The Fifth Amendment does not protect the password (it's just a sequence of characters); the amendment protects the "testimonial" aspect that you knew that particular sequence of characters was significant. Once that fact is entered into evidence through some other means, the Fifth Amendment's "due process" requirements have been satisfied.
That interpretation is absurd; all of ones testimony is "just a sequence of characters" yet one is protected from having to provide it by the Fifth Amendment. Further this is not a due process issue, due process requirements have been met prior to the confiscation of the hard disks and other items. It is only after which they have been taken that the investigators determine they cannot make anything ineligible from the data which they have lawfully taken. To demand that the suspect interprets the data (or provides a key by which another individual could interpret it) for them in such a way as to potentially incriminate himself is outside the scope of their authority. This is specifically what is protected by the applicable portion of the fifth amendment.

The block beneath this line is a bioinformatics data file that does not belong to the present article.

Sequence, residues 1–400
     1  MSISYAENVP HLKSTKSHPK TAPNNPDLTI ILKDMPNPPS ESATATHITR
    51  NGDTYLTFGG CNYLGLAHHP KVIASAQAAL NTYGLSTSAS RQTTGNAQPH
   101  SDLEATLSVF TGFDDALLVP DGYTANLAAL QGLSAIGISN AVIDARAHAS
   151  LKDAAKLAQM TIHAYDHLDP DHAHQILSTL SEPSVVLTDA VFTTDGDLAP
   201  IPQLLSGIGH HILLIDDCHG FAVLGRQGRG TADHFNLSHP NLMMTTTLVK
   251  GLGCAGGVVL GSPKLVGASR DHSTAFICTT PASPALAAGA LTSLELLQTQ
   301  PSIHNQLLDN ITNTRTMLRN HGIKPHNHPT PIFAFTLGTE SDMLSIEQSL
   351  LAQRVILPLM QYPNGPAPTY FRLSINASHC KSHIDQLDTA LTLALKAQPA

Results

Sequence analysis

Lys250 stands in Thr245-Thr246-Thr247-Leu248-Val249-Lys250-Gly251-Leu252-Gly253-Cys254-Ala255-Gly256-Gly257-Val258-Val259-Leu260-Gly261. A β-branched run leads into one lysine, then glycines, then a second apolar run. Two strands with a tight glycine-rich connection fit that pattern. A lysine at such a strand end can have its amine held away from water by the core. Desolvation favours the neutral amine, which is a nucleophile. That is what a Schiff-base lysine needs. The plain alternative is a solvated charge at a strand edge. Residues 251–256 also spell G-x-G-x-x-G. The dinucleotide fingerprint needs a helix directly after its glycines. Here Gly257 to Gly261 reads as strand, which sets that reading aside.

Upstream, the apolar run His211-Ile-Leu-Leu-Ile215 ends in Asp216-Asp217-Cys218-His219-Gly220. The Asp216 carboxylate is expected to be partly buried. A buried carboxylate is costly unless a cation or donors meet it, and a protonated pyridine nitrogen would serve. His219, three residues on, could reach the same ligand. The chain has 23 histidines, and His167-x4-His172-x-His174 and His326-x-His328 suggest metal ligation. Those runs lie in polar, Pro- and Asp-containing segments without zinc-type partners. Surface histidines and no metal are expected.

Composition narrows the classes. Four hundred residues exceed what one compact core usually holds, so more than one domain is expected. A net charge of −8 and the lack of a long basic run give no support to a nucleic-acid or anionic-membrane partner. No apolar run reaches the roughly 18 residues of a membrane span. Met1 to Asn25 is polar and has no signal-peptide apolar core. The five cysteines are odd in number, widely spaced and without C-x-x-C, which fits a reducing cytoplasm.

The issue people are having with this is related specifically to their understanding of data on a hard disk. Because it is not tangible in the same way as stack of photos people have a hard time determining how to apply past precedent. Being required to provide a key which allows for the understanding of data is the equivalent of a defendant in a murder trial being required to state where the presumptive body is buried. Remember, the suspect has complied with the warranted requests for the hard disks themselves, he is under no obligation to help the investigators make sense of what was taken. If the encryption key was written on a piece of paper and it was discovered by the police there would no longer be any issue, in the same way as if a map of where the body was buried had been found.